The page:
Issues (Archived 07/24/2007)
Magnetic Stimulation Shows Promise as the New Wave for Treating Depression
Transcranial Magnetic Stimulation (TMS), which has its origins at the National Institutes of Health (NIH), is currently the subject of clinical trials for the treatment of depression, obsessive compulsive disorder, and addiction; providing hope to approximately 121 million individuals worldwide suffering from debilitating depressive disorders. Dr. Abraham Zangen is the primary inventor of this technology, which was patented through the NIH Office of Technology Transfer. Dr. Zangen designed the device while studying the brain reward system and addiction as a Postdoctoral Fellow at the National Institute on Drug Abuse, NIH. Presently, Dr. Zangen serves as a key researcher and co-founder of Brainsway, Inc., which has been granted an exclusive license from the NIH for the underlying patent.
TMS embodies a fascinating, state of the art device with far-reaching implications for other serious neurological conditions, including Alzheimer's disease, post traumatic stress disorder, Parkinson's disease, drug addiction, and schizophrenia. The invention is especially remarkable for its demonstrated safety as a non-invasive technique requiring no anesthesia, unlike electroconvulsive therapy, and its dearth of side-effects commonly found with most anti-depressive drugs.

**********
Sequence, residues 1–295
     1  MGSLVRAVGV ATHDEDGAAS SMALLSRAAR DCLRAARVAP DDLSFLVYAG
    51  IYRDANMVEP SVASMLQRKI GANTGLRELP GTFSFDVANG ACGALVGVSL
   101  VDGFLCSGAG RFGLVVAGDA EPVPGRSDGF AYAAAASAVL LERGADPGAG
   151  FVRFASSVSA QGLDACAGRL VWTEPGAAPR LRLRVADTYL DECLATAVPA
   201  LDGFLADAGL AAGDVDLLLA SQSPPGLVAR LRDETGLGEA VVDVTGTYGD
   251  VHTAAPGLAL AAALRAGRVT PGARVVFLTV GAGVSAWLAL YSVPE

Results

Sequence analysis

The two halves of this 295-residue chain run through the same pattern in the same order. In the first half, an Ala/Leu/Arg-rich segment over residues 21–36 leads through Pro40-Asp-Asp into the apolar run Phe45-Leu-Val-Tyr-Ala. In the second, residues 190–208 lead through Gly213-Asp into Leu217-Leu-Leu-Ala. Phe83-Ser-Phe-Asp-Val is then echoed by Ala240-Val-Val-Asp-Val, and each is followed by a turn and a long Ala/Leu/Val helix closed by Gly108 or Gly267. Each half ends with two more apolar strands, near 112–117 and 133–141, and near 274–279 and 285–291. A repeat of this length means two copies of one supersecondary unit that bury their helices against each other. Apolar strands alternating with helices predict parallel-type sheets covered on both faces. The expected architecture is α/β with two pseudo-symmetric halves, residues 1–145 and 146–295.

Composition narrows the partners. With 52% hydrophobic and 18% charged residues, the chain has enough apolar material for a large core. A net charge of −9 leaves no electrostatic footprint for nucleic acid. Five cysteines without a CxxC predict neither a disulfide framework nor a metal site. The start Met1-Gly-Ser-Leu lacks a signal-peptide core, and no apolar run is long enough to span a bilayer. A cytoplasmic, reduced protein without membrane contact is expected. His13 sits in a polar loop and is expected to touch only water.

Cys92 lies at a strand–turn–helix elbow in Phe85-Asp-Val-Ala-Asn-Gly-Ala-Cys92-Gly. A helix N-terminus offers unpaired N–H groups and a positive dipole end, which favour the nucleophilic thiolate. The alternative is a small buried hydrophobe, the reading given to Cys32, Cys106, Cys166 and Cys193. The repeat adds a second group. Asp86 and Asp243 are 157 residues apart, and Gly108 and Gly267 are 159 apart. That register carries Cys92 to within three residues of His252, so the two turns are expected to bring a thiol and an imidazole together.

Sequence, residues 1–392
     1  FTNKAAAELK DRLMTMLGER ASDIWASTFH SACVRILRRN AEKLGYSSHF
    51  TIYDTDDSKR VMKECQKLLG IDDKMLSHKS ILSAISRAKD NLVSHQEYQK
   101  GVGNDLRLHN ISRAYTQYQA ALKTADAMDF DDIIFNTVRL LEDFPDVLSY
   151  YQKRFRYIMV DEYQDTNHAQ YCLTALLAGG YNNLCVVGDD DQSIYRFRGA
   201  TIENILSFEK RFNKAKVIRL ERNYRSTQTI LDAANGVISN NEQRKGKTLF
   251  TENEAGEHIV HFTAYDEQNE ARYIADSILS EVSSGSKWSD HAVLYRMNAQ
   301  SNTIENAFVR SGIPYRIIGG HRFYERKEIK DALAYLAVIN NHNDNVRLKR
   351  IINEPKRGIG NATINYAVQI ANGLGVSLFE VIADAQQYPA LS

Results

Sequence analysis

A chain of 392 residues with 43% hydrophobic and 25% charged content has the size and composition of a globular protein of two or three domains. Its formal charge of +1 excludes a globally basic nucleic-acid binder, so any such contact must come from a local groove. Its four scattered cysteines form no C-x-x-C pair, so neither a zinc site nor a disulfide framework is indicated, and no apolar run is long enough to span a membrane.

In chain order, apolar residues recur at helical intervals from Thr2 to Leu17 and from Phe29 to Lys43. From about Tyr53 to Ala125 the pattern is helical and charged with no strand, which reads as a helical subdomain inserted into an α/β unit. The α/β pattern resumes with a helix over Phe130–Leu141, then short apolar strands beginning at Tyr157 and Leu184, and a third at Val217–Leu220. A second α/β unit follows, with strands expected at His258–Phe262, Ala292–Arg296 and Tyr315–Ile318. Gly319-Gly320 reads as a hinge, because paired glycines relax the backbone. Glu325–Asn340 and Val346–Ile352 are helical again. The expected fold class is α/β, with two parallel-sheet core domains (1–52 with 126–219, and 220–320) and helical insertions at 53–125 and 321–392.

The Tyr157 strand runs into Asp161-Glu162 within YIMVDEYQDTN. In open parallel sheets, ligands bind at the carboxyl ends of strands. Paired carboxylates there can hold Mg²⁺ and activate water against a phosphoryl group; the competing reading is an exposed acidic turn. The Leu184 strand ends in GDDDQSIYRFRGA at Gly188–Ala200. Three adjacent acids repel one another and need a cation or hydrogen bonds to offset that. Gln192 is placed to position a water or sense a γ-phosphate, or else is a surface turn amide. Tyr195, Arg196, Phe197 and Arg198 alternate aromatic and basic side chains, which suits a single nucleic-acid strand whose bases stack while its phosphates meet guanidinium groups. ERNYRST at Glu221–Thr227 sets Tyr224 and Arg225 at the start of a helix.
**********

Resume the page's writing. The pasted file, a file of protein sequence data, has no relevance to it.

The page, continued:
TMS comprises a magnetic stimulator that when positioned in contact with a subject's head magnetically stimulates deep brain regions, such as the nucleus accumbens, associated with the biological mechanism underlying drug abuse.
The license and additional company-owned patents serve as the foundation for Brainsway's platform Deep TMS system. The company has demonstrated the system's safety through clinical trials conducted in healthy volunteers at Tel Aviv University in Israel and is currently performing clinical investigations under FDA guidelines to demonstrate efficacy in patients suffering major clinical depression and schizophrenia.
Brainsway's TMS represents a potentially significant advancement for the treatment of depression and holds the promise of becoming a platform for the next wave of safe, less invasive alternatives to current treatments.